Illini try to snap streak with Badgers

Demetri McCamey drives toward the basket during the first half of the Wisconsin game at Assembly Hall on Feb. 20. The Illini will face Wisconsin again this Saturday. Erica Magda

Demetri McCamey drives toward the basket during the first half of the Wisconsin game at Assembly Hall on Feb. 20. The Illini will face Wisconsin again this Saturday. Erica Magda

By Jeff LaBelle

The last 12 days have not been kind to Wisconsin or their top guard Trevon Hughes, but Illinois head coach Bruce Weber is a little “scared” for Saturday’s home matchup.

Wisconsin’s recent success against No. 25 Illinois (16-3, 4-2 in Big Ten) – five consecutive wins including three last year – is one reason for his concern. Three straight losses by the Badgers, including one to Minnesota and one to Iowa in overtime, is another.

That is, Weber figures Wisconsin (12-6, 3-3) is bound to play well eventually.

And Hughes, who has hit just 10 of his last 32 shots and only three of his last 16 from deep, can’t stay cold forever.

“My first thought is that (Hughes) is going to have a huge game here on Saturday,” Weber said.

“It scares me, to be honest, because he has played well against us. Last year, (Hughes was) the one guy Chester (Frazier) didn’t seem able to control. It’s a big challenge.

“For us, it looks like it’s not a good time to play them.”

After Wednesday’s flurry of upsets around college basketball – No. 7 Michigan State fell to Northwestern, No. 1 Wake Forest lost to Virginia Tech and Wisconsin’s loss – Illinois players and staff text messaged Weber in excitement. To avoid a similar fate, however, Trent Meacham said his team can’t get too caught up in scoreboard watching.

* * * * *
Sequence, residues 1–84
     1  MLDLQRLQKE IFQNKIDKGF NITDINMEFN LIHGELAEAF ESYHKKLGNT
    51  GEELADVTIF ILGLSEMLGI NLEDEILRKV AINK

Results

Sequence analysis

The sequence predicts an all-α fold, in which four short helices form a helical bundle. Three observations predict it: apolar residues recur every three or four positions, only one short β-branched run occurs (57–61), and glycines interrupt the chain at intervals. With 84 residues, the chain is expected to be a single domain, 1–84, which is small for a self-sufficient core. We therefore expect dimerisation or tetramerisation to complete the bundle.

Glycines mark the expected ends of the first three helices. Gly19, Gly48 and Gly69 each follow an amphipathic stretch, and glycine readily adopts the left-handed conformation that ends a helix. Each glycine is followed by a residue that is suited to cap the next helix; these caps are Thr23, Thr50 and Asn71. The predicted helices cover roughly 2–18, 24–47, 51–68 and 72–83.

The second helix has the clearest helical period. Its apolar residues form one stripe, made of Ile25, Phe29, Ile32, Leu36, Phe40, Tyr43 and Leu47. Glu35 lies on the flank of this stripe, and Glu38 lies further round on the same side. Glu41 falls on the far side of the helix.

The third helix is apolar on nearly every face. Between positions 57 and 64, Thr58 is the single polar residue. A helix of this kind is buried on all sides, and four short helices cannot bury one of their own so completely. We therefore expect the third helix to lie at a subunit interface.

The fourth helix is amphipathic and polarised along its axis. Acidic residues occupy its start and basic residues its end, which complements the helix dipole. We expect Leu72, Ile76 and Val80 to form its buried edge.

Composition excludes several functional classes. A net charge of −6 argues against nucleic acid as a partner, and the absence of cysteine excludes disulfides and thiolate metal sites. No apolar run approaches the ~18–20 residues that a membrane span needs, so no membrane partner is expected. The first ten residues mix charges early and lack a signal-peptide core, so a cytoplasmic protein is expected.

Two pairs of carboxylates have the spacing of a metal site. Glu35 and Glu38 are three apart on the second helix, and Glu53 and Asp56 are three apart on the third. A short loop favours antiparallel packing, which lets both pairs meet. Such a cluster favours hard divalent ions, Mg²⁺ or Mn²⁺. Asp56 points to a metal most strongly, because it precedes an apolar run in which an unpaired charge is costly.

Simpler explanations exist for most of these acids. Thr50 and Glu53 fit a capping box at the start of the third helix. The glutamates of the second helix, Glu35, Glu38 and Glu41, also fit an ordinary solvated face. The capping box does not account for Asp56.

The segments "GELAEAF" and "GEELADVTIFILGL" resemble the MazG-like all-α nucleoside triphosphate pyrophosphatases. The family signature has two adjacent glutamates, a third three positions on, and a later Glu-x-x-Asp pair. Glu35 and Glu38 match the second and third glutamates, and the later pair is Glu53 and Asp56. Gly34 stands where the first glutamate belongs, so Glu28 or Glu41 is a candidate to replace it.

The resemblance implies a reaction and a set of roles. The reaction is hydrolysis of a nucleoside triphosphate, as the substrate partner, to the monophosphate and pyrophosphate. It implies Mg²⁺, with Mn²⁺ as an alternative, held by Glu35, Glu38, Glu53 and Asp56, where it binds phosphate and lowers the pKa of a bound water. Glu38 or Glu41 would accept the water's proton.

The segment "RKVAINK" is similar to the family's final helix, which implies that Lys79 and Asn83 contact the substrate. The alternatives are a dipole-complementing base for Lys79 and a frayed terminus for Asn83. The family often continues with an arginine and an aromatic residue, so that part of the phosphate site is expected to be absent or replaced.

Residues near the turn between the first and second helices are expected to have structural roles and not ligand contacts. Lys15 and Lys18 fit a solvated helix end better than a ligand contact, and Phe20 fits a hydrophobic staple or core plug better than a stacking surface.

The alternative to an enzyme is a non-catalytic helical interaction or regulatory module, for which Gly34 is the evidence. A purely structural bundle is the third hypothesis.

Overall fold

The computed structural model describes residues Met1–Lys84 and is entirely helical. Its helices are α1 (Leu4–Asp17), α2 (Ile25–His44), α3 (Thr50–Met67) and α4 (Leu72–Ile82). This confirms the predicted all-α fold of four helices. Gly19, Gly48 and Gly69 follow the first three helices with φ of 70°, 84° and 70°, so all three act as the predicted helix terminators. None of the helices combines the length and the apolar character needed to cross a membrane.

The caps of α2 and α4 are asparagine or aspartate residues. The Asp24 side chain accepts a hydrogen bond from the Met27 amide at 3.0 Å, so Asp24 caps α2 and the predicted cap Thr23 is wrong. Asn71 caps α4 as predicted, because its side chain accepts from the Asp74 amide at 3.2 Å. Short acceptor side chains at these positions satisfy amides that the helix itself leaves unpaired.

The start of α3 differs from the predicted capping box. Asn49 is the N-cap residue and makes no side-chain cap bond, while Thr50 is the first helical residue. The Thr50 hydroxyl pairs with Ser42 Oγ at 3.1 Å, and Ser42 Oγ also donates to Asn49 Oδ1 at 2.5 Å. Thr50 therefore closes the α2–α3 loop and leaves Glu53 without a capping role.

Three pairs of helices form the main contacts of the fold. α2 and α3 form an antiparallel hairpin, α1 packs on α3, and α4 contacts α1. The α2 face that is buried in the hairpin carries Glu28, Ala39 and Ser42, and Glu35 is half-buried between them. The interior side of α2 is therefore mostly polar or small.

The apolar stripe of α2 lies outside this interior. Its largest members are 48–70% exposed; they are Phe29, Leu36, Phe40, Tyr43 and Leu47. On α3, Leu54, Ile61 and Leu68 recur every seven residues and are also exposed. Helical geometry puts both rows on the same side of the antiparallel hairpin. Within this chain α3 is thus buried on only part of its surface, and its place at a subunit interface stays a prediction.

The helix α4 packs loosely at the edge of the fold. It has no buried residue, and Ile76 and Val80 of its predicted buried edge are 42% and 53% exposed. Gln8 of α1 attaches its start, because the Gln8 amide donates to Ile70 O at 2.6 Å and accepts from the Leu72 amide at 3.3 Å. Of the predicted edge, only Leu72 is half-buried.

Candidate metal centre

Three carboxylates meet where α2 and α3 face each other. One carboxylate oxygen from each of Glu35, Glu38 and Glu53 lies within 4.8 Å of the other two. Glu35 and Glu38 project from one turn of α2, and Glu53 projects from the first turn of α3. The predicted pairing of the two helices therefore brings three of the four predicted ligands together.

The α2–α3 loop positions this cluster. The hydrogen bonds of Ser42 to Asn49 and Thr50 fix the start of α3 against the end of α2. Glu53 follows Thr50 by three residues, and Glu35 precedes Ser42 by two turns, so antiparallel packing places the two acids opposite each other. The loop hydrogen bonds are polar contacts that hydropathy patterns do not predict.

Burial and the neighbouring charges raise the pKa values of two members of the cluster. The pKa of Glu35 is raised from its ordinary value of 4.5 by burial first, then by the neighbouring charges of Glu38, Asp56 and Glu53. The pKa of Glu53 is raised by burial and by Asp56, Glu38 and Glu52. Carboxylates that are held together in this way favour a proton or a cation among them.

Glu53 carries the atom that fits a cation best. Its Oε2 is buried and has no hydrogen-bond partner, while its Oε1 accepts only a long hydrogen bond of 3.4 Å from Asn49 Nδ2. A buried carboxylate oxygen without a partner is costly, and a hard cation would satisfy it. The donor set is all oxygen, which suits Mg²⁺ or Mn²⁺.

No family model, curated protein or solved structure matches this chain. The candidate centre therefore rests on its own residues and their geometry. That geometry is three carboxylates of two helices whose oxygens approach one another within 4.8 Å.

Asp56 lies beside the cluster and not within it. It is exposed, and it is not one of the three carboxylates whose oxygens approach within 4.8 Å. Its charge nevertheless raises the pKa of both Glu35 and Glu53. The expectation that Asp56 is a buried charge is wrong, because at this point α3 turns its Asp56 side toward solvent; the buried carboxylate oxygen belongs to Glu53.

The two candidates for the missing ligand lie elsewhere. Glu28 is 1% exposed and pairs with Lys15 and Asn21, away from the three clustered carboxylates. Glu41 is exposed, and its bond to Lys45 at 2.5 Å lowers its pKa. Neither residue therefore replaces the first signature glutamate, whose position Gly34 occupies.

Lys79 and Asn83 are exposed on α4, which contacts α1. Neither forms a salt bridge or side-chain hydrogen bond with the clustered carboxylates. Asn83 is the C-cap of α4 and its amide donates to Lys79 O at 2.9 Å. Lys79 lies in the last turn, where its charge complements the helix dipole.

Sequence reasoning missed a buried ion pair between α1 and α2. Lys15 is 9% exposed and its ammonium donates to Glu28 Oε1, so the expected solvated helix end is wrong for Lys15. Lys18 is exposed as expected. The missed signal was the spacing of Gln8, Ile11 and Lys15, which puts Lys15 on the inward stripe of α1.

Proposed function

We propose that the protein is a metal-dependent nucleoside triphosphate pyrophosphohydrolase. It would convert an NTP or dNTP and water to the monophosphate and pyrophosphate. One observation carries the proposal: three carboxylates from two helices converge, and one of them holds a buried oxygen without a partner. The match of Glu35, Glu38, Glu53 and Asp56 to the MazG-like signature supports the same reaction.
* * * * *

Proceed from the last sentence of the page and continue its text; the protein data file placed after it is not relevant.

“There was a lot of crazy games (Wednesday night), but that’s how it is in college basketball,” Meacham said.

“Anybody can beat anybody. We just got to realize, it’s a long season. We can’t worry about what teams are winning and losing, and just every day come here and get better.”

And as for Wisconsin: “They’re just so solid, they’re so sound,” he added. “They don’t make mistakes. They got a lot of guys that can interchange, go outside, go inside. They’re tough. We really struggle with them. Since I’ve been here, we haven’t beaten them.”

Wisconin’s leading scorer, 6-foot-7 forward Marcus Landry, hasn’t been as off as Hughes lately, still averaging over 13 points his last three games compared to Hughes’ 11 points per game.

What may be plaguing Wisconsin, however, is their lack of size. According to Weber, Bo Ryan’s offense is usually “very flexible” and can “spread you, make you guard for long possessions.”

That’s not so much the case this season.

“They seemed to always have the big guy that would go in with his back to the basket and get a hoop when they needed it,” Weber said.

“It might be the difference with them, win or loss. They don’t have the (Brian) Butch, those guys, the (Mike) Wilkinson that could always get the easy basket under the hoop.”

After Tuesday night’s win over Ohio State, the Illini took Wednesday off before enduring a marathon practice Thursday afternoon.

Weber reiterated the importance of practice before another importance Big Ten matchup.

“History doesn’t matter,” Weber said.

“Getting ready the two days before, coming to the game, being ready to play, that’s what matters. Those two hours on the court. It’s something great to talk about, but it still comes down to our mental preparation.”

Jeff Jordan was added to the Illini’s list of scholarship athletes

Jordan, averaging just over one point and one assist per game, is registering 10 minutes of playing time per contest for the No. 25 Illini (16-3, 4-2 in Big Ten).

Jordan said Thursday that he was surprised by the news but that it was something he’s been working toward.

“At first, when I first came here, it was just trying to help the guys out and just trying to fit in with the team,” Jordan said at practice Thursday. “But the more I fit in, the more my goals kind of rose. It was definitely a goal early in the season, this season.”

With a strong class of guards committed for next season, Jordan doesn’t quite know what his role will be in the future, whether he’ll be able to take on a leadership role. But, he said, if history’s an indication, he should find a way to gel with a crowded backcourt.

“Every year, we’ve kind of been unsure what we’re going to do with lineups and everything. I don’t know how I’ve been fitting in with guards in the past, but somehow I’ve been getting in there, getting good minutes, playing hard, so hopefully that role increases next year.”